Some government reforms should just foxtrot off

2nd September 2016 at 01:00
The sector has had to deal with more than its fair share of cha-cha-changes, writes the TES editor. But not all of them got high marks from the judges…

“The thing about politics is to plan 10 years ahead and assume every year is your last,” said Ed Balls, once secretary of state for schools.

Life is full of surprises. This autumn, he’s set to waltz on to Strictly Come Dancing while we quickstep into a new academic year with a new secretary of state for education, a new, expanded Department for Education and an education system sorely in need of a 10-year plan.

Justine Greening takes over from Nicky Morgan, who certainly seemed to behave as though this year was her last, ushering in a tsunami of changes, not all of them well thought-through. So here’s a few Ms Greening may like to quietly drop or rework.

Times tables tests

Times tables have always been taught in primary. No one needs a computerised check. Luckily, this has already been shelved for next year, so no one will notice if it’s never mentioned again (except the TES news team, of course).

New-look key stage 1 Sats

It’s not been completely clear what Ms Morgan intended here when the harder tests were floated. I suggest Ms Greening shouldn’t waste time trying to work it out and should instead concentrate on sorting out a sensible baseline by which to measure progress.

Sats Spag test

Once upon a time, small children were tested on fronted adverbials and subordinate clauses. Let’s hope that sentence appears in future history books. When not only Pie Corbett, who worked on the Blair government’s National Literacy Strategy on introducing grammar teaching into primary schools, but also Tim Oates, chair of the government-commissioned review that led to the introduction of the new curriculum from 2014, think that the content is too complex, it desperately needs a rethink.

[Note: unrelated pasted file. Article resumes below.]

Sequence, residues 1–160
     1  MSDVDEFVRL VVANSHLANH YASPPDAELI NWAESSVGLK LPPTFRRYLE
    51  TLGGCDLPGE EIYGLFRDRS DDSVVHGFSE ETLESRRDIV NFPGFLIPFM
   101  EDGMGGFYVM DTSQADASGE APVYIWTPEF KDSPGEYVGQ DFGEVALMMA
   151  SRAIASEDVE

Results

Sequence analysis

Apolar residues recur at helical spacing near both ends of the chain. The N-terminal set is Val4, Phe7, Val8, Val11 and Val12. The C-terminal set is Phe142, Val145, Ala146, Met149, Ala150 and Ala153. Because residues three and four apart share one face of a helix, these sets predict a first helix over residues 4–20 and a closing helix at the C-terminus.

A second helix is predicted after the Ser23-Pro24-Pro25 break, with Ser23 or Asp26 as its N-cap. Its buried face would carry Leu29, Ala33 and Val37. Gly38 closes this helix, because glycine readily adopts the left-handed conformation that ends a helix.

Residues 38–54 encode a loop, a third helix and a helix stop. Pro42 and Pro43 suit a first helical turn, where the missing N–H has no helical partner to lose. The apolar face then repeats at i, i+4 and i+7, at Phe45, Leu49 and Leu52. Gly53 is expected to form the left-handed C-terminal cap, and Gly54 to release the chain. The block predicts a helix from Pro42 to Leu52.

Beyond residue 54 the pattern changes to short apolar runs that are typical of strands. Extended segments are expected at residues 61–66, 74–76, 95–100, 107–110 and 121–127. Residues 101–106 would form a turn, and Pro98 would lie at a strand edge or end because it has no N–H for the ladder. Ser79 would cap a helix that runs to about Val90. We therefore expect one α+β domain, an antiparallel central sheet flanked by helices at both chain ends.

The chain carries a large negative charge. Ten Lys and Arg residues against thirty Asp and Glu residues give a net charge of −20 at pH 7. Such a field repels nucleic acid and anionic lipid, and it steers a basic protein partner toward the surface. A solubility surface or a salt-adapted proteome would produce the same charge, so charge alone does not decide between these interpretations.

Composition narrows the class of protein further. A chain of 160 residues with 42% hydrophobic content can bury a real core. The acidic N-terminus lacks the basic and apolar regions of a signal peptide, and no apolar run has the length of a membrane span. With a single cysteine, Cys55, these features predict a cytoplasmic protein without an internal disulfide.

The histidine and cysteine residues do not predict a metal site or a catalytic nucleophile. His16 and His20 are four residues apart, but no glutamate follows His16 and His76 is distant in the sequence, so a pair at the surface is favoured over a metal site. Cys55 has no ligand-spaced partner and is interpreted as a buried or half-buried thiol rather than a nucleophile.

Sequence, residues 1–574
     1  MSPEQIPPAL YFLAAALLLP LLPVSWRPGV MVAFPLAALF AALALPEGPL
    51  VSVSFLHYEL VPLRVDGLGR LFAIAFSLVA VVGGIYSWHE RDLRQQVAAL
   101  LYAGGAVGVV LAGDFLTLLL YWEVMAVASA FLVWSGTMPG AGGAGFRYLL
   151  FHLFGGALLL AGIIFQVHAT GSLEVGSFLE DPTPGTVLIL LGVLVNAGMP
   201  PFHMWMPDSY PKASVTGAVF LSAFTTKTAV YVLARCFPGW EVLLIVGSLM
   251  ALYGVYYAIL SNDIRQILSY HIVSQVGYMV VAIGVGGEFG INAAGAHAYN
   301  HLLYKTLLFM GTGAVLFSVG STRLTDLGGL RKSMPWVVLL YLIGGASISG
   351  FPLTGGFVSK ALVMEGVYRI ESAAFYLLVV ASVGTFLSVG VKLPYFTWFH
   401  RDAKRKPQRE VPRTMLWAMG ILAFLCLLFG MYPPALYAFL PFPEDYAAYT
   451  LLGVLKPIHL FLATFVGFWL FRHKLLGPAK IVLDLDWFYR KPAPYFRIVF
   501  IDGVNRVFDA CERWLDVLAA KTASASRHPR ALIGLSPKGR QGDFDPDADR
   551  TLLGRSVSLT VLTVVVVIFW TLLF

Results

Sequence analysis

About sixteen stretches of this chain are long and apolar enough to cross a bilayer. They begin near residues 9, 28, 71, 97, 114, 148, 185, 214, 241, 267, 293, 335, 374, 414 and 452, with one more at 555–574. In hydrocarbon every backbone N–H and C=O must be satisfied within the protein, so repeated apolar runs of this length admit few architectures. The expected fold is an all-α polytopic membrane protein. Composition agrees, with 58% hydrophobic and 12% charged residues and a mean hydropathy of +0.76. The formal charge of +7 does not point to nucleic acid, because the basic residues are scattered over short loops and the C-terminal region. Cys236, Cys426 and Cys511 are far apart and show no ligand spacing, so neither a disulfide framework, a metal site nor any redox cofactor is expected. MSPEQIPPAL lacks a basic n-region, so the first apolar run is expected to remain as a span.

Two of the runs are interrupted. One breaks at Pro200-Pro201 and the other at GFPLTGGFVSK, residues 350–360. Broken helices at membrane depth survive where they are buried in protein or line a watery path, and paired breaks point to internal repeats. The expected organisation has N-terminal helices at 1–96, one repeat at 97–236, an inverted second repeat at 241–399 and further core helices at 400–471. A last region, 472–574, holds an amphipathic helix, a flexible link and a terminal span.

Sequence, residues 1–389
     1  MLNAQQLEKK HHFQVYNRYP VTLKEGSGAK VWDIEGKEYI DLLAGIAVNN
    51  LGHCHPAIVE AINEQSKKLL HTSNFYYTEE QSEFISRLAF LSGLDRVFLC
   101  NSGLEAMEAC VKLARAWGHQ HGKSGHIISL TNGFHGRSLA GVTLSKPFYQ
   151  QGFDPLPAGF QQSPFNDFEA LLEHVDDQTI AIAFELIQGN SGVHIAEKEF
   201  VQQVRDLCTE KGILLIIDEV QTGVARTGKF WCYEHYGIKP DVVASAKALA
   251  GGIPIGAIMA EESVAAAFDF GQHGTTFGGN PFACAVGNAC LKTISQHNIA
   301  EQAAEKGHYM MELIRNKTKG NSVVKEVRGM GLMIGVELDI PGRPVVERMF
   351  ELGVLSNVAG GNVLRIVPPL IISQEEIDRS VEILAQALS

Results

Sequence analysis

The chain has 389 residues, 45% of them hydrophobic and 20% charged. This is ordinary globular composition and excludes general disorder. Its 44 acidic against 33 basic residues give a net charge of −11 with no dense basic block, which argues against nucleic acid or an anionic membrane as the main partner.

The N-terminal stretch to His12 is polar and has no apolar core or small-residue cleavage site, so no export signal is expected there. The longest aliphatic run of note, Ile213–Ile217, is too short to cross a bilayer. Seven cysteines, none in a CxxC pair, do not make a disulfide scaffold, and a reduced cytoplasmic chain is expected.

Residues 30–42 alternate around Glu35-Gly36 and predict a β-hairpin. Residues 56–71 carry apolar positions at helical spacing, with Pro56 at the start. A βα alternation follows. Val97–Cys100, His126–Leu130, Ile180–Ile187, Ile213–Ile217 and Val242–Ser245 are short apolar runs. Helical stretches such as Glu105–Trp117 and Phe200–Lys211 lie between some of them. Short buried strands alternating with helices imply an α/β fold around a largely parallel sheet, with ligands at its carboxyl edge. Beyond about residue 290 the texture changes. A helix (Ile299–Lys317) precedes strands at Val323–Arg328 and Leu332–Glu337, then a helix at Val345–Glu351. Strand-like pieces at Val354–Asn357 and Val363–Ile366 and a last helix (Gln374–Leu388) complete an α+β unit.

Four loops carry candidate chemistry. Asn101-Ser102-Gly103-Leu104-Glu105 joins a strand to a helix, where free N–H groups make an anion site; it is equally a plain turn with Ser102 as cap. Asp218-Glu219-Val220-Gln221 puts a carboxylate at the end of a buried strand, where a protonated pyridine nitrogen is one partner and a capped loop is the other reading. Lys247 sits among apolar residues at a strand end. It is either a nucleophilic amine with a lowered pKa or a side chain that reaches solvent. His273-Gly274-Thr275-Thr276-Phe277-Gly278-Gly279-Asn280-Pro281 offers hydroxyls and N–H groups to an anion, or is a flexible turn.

Sats resits in year 7

Deeply unpopular and wisely shelved for next year, these could be dropped quietly. Apart from making pupils feel like failures, they are likely to force schools to put Year 7 (or, to ape Len Goodman, “SEVERRRN”) resitters on a separate stream to other pupils, meaning they will have extra literacy and numeracy but miss out on other subjects, thus falling even further behind.

Good secondary schools are already doing a good job of helping pupils catch up in Year 7. Let’s learn from them instead.

The 90 per cent EBacc target

It is looking increasingly unlikely that schools will meet this, because entries for MFL GCSEs are declining. This year, the number of pupils taking French fell 8 per cent and the number taking German fell 7 per cent. Turning this around would require heavy-handed interventions from Ms Greening. That would prove unpopular. Better instead to lower the target.

Progress 8

Overall GCSE grades have fallen; ASCL’s subject experts believe this is in part because pupils who would have scored higher grades in creative subjects are instead taking humanities, in which they score lower.

More emphasis should be placed on creative subjects. Entries in these have fallen sharply this year since the introduction of this measure (for example, music down 9 per cent, art and design down 6 per cent).

Heads are concerned that a narrowing of the curriculum is alienating pupils. Ms Greening, however, should be concerned about social mobility; if this is allowed to continue, the arts could become the preserve of the wealthy and privately educated.


So in the coming weeks, as Mr Balls steps out in sequins (a glittered Balls vying for the glitterball, if you will) and Ms Greening dons a softer, social justice blue, both will face some harsh critics – but only the new education secretary will need to remember to see beyond the short term point-scoring.



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